The Meaning of July Fourth for the Negro

by Frederick Douglass

A speech given at Rochester, New York, July 5, 1852

Mr. President, Friends and Fellow Citizens:

He who could address this audience without a quailing sensation, has stronger nerves than I have. I do not remember ever to have appeared as a speaker before any assembly more shrinkingly, nor with greater distrust of my ability, than I do this day. A feeling has crept over me quite unfavorable to the exercise of my limited powers of speech. The task before me is one which requires much previous thought and study for its proper performance. I know that apologies of this sort are generally considered flat and unmeaning. I trust, however, that mine will not be so considered. Should I seem at ease, my appearance would much misrepresent me. The little experience I have had in addressing public meetings, in country school houses, avails me nothing on the present occasion…….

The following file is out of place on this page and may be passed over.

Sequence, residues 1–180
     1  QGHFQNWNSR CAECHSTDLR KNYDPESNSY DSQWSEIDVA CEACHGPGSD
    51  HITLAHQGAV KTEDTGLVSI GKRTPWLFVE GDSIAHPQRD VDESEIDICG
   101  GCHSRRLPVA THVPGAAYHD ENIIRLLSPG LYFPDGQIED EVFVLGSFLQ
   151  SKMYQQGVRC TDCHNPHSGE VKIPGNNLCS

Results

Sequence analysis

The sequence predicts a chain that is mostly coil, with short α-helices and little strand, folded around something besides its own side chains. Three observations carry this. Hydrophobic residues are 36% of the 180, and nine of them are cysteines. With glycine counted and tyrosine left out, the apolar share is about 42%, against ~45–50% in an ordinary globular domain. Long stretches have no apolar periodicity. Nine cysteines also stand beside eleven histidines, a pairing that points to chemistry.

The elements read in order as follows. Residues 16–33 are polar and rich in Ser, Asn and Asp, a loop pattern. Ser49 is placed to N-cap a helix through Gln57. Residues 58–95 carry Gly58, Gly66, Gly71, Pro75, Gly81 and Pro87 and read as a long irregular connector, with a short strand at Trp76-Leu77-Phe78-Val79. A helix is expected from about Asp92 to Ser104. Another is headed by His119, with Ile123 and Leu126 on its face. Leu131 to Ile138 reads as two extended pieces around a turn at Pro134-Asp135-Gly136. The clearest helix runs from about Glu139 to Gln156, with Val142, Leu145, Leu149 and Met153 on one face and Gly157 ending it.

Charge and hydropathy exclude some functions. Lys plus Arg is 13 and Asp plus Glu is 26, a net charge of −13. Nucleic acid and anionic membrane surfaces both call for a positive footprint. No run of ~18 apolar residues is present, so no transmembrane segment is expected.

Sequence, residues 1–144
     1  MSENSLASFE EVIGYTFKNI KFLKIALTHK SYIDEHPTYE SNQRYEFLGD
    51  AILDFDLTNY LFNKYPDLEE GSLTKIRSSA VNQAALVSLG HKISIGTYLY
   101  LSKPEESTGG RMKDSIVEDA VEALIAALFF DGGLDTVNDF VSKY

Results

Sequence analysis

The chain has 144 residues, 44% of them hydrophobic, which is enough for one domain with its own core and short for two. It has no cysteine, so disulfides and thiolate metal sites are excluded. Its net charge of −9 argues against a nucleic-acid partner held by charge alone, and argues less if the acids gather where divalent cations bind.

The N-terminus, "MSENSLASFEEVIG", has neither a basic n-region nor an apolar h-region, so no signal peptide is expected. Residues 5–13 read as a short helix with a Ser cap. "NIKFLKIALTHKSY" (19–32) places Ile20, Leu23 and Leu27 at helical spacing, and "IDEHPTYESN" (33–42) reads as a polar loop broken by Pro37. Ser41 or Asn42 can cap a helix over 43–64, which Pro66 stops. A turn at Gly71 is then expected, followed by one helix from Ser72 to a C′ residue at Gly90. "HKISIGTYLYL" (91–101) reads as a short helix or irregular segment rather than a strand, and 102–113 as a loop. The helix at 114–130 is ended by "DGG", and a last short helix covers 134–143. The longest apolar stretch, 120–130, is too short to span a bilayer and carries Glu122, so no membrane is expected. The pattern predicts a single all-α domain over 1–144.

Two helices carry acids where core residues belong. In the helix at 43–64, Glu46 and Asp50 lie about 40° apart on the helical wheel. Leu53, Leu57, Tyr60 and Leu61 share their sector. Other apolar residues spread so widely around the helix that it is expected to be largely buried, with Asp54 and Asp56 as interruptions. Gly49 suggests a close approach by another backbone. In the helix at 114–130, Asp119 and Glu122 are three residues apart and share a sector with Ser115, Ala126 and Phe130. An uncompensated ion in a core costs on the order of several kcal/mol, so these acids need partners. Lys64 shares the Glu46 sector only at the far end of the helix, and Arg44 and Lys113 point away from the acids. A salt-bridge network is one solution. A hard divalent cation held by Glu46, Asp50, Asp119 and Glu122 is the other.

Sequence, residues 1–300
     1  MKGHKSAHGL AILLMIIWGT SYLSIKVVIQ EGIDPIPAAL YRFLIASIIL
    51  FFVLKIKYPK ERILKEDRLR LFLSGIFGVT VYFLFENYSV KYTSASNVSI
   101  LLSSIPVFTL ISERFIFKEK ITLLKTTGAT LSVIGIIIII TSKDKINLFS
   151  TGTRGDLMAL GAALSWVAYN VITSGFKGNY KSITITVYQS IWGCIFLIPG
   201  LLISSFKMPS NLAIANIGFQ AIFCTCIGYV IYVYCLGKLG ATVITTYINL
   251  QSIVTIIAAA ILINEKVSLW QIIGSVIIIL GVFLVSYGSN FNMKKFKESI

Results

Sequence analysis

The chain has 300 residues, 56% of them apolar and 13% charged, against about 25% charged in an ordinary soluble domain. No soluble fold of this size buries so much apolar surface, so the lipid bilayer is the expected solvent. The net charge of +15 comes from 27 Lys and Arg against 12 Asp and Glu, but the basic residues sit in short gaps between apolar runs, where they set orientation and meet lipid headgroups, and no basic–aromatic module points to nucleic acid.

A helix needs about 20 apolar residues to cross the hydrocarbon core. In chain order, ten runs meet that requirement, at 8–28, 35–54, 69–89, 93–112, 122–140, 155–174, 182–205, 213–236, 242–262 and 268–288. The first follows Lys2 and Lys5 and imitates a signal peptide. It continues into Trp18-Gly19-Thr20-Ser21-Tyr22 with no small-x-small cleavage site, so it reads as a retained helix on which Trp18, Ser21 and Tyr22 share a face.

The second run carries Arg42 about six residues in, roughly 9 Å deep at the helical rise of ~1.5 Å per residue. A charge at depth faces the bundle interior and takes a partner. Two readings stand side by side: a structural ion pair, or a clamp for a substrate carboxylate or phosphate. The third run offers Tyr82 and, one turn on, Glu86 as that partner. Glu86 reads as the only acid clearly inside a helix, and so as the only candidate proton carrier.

By Frederick Douglass
To National Juneteenth Network, Supporters & Friends:
As the “4th of July”, 1776, American Independence Day, comes around again, let us not forget that the ancestors of Americans of African descent were trapped in the tyranny of enslavement. Juneteenth, the “19th of June”, 1865, African-American Independence Day, America’s 2nd Independence Day, recognizing the end of enslavement, did not occur until over 88 years after the first “4th of July”. Juneteenth still goes mostly unrecognized by the national media and not yet personally acknowledged by President George Bush.

The words of Frederick Douglass, a former slave, brilliantly written in “What to the American Slave Is Your ‘4th of July'”, continues as the best historic reminder of why the “4th of July” should never be celebrated without being reminded of the significance of the “19th of June” in America.
Source:19 of June